Poodles have been in existence for many centuries and historical reference to them has been found in Germany, England, Italy and France. In pictorial evidence the dogs nearly always appear in the traditional lion clip, which leaves the hindquarters bare except for leg bands and a pom-pom on the tail, while the forequarters are heavily coated except for the face and legs. This appears to indicate that these dogs were used for sporting and retrieving purposes. As the coat is quite heavy when wet, they were clipped in areas to alleviate weight. The tail was docked as a long tail would be caught in the undergrowth. The ribbon on the topknot was to indicate that the dog was working and also to signify it was not a bird or other animal.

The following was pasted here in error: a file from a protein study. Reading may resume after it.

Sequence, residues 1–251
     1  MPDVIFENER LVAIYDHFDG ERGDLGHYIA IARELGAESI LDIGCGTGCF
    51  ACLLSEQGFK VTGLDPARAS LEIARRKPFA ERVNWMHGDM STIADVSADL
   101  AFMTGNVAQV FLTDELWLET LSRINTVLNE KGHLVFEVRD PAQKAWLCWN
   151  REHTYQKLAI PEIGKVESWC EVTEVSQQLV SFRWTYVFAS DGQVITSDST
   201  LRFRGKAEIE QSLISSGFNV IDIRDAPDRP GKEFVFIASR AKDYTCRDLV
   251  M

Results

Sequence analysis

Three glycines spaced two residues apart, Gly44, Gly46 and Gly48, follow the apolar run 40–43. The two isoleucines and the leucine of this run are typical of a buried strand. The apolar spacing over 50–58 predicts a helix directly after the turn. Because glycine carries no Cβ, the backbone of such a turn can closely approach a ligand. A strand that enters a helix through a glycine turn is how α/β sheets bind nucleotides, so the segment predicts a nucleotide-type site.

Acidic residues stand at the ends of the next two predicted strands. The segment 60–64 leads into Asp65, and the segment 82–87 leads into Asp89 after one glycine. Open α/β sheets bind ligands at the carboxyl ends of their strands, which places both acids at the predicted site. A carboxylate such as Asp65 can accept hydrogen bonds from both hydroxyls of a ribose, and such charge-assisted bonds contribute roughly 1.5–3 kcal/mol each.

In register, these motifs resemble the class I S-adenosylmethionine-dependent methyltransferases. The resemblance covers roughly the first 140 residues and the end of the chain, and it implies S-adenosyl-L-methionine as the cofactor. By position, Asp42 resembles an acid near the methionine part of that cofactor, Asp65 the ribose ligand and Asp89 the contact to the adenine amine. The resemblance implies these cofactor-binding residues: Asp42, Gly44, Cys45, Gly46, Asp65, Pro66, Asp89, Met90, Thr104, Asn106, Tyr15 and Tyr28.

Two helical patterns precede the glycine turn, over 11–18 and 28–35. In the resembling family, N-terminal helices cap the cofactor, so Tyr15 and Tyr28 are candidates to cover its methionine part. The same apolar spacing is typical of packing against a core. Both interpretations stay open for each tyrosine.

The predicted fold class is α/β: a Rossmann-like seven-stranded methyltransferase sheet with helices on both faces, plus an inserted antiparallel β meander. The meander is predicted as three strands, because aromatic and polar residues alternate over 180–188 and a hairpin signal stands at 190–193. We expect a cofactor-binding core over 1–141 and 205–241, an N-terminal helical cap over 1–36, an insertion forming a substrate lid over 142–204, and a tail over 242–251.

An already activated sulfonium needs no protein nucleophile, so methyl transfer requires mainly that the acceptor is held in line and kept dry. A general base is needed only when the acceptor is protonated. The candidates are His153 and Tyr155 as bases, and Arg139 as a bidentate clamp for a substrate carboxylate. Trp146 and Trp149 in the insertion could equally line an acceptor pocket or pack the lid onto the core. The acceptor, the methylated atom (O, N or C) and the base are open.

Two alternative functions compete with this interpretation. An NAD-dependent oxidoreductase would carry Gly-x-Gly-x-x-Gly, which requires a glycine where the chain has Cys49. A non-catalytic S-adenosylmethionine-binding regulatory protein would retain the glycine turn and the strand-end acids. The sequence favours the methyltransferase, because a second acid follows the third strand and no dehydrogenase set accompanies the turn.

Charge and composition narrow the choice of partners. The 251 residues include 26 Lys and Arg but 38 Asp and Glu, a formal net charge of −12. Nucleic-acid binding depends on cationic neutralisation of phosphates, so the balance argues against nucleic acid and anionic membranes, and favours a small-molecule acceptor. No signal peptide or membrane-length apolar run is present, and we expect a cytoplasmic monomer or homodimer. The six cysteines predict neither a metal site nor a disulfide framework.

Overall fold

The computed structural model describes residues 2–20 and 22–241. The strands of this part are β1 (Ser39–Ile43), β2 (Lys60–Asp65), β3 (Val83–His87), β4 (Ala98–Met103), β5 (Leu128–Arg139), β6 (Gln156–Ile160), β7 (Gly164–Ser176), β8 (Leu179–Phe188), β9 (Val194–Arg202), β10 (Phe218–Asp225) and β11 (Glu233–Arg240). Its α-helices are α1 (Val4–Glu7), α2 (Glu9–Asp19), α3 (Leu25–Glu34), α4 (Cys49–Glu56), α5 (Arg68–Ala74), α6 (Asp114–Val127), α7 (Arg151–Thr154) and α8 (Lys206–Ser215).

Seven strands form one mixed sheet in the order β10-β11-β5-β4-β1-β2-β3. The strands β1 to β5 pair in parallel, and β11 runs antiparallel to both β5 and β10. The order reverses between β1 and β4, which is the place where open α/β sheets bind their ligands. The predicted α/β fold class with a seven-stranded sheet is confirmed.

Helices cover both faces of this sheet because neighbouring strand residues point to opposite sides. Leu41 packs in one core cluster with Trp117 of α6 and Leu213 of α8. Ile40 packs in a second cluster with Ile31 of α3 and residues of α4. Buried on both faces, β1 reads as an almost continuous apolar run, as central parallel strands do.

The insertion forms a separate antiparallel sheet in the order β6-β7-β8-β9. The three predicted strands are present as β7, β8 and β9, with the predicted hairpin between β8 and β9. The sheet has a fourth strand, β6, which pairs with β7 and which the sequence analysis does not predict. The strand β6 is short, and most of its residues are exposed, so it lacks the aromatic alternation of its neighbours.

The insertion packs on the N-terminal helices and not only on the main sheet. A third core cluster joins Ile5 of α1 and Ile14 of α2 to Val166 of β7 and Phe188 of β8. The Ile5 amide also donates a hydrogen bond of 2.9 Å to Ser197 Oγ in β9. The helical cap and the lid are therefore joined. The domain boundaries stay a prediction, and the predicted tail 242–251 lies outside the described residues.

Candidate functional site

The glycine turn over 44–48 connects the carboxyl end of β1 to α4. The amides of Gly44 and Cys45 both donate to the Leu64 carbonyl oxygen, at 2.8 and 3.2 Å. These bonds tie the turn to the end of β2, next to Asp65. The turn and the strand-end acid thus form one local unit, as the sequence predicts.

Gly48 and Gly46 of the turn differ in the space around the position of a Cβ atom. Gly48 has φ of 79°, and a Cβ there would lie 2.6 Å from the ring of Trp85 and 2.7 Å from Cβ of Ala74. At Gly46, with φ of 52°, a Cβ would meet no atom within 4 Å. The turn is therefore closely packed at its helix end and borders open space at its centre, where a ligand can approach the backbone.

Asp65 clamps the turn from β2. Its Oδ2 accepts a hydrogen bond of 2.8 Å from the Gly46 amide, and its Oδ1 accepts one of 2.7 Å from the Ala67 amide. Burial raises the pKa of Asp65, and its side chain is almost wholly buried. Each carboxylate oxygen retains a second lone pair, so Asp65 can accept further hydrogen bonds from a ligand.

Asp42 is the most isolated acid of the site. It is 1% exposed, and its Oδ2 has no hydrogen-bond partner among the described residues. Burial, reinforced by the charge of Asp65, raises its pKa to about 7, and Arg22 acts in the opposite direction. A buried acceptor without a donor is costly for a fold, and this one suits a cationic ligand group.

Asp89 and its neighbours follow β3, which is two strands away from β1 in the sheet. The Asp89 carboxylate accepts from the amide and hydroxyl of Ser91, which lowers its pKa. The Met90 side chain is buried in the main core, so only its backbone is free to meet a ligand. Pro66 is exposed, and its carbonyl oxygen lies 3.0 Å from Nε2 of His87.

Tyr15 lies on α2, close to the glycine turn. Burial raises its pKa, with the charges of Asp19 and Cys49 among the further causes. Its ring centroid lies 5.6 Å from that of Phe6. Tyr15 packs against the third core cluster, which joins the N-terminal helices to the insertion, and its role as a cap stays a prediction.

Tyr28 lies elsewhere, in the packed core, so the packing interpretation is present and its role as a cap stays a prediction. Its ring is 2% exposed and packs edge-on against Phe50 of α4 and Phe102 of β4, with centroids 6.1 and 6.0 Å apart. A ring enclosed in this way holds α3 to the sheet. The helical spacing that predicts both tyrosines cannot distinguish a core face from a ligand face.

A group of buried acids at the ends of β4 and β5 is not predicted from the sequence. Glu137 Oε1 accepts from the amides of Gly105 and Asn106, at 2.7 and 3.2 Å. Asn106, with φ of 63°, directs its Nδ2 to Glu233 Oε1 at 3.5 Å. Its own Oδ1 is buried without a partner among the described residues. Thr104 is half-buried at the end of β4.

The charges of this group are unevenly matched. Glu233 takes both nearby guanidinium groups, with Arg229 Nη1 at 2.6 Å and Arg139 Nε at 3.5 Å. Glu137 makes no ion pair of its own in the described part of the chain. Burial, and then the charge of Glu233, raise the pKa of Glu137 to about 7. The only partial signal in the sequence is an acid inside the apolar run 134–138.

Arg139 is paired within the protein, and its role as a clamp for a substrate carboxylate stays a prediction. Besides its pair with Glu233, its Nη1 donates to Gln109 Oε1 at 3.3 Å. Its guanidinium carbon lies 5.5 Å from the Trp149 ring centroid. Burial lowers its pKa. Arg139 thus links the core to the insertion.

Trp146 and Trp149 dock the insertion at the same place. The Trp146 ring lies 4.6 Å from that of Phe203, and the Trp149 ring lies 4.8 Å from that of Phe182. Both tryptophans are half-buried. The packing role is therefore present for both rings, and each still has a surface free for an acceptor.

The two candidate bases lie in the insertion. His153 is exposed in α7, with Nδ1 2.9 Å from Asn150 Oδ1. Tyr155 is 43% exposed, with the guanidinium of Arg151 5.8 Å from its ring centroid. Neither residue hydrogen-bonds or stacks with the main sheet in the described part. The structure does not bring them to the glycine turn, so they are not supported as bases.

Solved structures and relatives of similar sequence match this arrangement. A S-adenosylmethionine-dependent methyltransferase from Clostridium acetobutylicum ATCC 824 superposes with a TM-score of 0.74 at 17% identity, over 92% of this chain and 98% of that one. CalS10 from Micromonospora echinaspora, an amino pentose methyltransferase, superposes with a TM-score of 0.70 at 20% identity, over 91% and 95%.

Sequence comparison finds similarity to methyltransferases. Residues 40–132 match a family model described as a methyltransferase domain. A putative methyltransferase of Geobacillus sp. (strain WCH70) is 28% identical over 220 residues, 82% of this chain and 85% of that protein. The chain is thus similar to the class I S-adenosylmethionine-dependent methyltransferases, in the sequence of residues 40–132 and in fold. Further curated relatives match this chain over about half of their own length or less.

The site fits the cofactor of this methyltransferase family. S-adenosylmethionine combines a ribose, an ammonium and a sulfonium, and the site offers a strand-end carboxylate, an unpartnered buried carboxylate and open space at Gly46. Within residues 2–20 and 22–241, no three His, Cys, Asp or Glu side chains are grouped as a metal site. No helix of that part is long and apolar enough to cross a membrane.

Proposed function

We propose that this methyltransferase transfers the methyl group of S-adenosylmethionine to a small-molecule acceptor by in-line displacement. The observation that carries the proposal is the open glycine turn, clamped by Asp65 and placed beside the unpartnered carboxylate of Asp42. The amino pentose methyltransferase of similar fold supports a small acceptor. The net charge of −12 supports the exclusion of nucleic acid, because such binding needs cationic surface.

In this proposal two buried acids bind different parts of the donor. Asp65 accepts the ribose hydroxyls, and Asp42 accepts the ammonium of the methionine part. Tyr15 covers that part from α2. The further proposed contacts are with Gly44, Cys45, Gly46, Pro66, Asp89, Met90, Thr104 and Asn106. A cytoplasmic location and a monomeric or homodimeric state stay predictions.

The word Poodle itself is said to derive from the German word ‘pudel’, meaning to splash in water. Although three varieties of Poodles are recognised, they differ in size only and are closely related. The largest, the Standard Poodle, is the oldest variety and was used as a water retriever. The smaller Poodles have become more and more popular. The Miniature Poodle is the medium-sized variety and may be closer to the original Poodle in height than the present Standard size. It was originally called the Toy Poodle, but the name was changed when the smallest form was recognised.

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